Back to St. Mumbles
This marks the end of yet another season (the 12th? 13th?) of TODAY'S WORD ON JOURNALISM. It’s been another good run, mostly: As Papa Hemingway would have said (did, in fact): “I have tried simply to write the best I can; sometimes I have good luck and write better than I can.”
That’s not been so hard in my case, since the WORDmeister’s job is simply to crib and collect the words of others—all better than I. One of those better writers—I forget who just at the moment—said an essential element of good writing is knowing when to quit. So I’m taking that advice.
Longtime WORD subscribers know what happens next: Every May, more or less at this time, classes end at Utah State, the students and faculty flee, and those nice but firm young men from St. Mumbles Home for the Terminally Verbose come and take the WORD away to the sanitarium for the summer. No one minds, really. It gets a bit quieter in cyberspace, and the WORD himself needs the time and space for a little reflective conjugation and electroshock.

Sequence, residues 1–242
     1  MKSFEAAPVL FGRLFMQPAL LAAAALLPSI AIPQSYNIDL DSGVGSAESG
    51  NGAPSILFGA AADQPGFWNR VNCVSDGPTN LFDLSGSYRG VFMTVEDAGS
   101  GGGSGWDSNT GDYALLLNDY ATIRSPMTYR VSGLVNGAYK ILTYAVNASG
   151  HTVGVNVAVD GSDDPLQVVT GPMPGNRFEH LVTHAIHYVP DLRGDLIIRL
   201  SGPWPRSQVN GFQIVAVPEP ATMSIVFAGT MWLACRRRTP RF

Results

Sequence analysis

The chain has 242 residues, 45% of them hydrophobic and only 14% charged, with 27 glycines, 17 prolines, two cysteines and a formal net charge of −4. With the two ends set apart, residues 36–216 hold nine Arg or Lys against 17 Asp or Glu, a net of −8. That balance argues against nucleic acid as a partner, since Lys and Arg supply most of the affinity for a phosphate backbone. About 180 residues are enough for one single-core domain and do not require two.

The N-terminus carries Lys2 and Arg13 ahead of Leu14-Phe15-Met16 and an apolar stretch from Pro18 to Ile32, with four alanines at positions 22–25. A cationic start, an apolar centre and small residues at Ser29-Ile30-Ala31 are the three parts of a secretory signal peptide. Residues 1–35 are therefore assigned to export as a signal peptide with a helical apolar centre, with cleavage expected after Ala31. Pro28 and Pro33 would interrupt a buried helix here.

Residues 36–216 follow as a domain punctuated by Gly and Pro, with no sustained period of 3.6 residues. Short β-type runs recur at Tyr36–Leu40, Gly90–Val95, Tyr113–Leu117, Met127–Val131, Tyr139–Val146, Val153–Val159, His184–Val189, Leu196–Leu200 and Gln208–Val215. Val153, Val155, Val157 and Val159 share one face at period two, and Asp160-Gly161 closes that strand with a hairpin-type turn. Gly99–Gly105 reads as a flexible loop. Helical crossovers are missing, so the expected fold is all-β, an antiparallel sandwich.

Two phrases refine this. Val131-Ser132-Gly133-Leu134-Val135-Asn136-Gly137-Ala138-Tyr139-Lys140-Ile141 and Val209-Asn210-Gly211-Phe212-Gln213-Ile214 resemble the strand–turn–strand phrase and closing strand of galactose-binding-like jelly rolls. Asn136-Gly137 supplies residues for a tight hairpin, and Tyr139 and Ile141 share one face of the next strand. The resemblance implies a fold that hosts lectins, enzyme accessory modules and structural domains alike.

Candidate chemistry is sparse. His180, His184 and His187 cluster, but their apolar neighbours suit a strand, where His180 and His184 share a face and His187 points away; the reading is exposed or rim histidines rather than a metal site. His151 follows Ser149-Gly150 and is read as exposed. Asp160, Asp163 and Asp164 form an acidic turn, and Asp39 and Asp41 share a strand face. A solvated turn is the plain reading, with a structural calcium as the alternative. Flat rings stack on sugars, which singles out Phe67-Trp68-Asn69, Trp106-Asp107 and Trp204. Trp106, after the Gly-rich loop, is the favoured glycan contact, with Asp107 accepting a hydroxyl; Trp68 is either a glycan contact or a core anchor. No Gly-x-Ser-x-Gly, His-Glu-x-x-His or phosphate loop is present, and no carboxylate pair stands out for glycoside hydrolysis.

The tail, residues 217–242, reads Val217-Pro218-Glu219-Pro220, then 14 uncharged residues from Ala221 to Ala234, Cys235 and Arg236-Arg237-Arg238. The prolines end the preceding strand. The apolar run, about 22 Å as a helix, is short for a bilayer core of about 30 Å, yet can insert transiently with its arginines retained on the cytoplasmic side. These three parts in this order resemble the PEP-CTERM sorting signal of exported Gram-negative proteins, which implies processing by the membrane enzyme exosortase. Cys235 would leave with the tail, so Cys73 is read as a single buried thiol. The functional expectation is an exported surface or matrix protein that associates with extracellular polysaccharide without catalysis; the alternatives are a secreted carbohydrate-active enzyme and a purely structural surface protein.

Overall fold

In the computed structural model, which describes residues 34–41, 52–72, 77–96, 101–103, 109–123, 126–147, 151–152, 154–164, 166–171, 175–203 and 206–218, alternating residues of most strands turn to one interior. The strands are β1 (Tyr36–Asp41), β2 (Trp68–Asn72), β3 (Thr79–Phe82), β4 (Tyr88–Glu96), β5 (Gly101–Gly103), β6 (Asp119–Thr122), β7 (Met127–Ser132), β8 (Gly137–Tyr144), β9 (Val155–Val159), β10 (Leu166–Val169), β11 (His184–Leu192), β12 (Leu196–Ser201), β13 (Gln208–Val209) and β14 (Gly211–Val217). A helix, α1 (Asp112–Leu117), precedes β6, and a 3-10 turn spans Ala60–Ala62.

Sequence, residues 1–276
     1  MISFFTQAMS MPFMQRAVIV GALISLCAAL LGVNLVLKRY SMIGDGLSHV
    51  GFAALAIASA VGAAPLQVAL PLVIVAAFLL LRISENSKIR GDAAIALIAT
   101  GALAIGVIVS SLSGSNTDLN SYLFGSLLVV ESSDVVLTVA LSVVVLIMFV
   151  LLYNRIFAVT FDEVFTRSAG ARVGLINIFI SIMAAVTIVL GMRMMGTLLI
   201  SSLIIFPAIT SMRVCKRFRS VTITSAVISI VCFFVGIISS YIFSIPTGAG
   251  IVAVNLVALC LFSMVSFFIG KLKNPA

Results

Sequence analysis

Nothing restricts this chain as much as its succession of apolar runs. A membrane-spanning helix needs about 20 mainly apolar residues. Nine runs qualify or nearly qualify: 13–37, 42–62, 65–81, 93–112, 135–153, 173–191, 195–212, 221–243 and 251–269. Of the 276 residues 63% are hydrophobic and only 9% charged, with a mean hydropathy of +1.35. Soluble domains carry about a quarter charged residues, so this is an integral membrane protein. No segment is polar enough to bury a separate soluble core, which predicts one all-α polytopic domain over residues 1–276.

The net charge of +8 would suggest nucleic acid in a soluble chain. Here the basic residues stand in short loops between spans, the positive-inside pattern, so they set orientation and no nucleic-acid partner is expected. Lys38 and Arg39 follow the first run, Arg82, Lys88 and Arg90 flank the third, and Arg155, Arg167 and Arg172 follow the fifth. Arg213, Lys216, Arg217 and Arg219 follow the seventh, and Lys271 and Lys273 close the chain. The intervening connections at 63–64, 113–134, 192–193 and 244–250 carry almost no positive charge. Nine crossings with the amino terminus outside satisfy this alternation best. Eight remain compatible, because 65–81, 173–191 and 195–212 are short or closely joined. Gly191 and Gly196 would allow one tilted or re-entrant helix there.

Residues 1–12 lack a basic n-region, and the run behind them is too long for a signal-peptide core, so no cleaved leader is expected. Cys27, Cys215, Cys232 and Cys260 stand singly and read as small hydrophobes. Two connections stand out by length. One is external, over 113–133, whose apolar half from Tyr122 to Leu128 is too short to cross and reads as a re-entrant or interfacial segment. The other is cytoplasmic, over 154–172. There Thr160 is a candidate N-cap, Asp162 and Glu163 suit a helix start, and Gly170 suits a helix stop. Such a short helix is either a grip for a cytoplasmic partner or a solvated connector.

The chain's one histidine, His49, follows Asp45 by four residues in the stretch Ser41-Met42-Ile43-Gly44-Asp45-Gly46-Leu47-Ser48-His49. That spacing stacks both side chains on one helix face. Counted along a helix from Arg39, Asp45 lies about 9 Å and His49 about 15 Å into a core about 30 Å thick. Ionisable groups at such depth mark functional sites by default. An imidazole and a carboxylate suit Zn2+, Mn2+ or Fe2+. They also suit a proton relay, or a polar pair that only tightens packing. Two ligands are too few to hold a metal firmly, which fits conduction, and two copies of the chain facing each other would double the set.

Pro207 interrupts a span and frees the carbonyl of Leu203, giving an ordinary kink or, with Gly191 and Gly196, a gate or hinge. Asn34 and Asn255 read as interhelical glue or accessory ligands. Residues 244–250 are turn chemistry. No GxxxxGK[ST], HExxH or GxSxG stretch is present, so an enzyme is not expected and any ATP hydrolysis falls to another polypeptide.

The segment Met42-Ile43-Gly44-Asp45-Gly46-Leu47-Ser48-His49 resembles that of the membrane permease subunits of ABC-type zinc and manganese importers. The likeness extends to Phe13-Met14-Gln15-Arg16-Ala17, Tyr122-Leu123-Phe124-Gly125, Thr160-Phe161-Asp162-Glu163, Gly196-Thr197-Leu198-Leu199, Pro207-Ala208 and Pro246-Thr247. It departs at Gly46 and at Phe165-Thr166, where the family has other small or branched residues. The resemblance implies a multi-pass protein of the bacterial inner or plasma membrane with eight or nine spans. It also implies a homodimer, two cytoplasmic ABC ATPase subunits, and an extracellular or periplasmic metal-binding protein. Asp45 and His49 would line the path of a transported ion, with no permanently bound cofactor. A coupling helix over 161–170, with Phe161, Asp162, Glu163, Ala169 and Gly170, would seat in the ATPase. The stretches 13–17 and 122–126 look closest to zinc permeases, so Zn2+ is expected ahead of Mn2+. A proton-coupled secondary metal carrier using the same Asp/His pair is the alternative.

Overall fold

For myself, this epitaph (or epithet), which I’ve used before. But I am pooped and I need the rest, if only until August . . . when the WORD will escape St. Mumbles and I will rise again.
Under the sod and under the trees
Lies the body of Edward Pease.
He is not here, there's only the pod:
Pease shelled out and went to God.
—From an 1880s gravestone on Nantucket Island, Mass. (lightly edited)
Have a wonderful, restful summer.